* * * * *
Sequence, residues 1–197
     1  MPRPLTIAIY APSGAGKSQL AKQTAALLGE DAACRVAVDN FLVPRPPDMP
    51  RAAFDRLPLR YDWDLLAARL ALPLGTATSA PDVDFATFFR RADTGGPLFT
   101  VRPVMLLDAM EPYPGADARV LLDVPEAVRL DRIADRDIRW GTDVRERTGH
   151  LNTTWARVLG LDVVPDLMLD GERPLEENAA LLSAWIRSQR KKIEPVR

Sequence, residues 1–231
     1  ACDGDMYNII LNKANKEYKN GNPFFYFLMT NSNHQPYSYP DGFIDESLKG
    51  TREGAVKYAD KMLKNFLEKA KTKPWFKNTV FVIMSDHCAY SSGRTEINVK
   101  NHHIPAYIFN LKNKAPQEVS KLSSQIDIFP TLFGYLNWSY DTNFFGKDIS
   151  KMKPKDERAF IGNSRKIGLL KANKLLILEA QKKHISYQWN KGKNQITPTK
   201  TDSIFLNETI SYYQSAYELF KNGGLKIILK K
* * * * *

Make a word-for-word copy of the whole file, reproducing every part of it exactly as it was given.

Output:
Sequence, residues 1–197
     1  MPRPLTIAIY APSGAGKSQL AKQTAALLGE DAACRVAVDN FLVPRPPDMP
    51  RAAFDRLPLR YDWDLLAARL ALPLGTATSA PDVDFATFFR RADTGGPLFT
   101  VRPVMLLDAM EPYPGADARV LLDVPEAVRL DRIADRDIRW GTDVRERTGH
   151  LNTTWARVLG LDVVPDLMLD GERPLEENAA LLSAWIRSQR KKIEPVR

Sequence, residues 1–231
     1  ACDGDMYNII LNKANKEYKN GNPFFYFLMT NSNHQPYSYP DGFIDESLKG
    51  TREGAVKYAD KMLKNFLEKA KTKPWFKNTV FVIMSDHCAY SSGRTEINVK
   101  NHHIPAYIFN LKNKAPQEVS KLSSQIDIFP TLFGYLNWSY DTNFFGKDIS
   151  KMKPKDERAF IGNSRKIGLL KANKLLILEA QKKHISYQWN KGKNQITPTK
   201  TDSIFLNETI SYYQSAYELF KNGGLKIILK K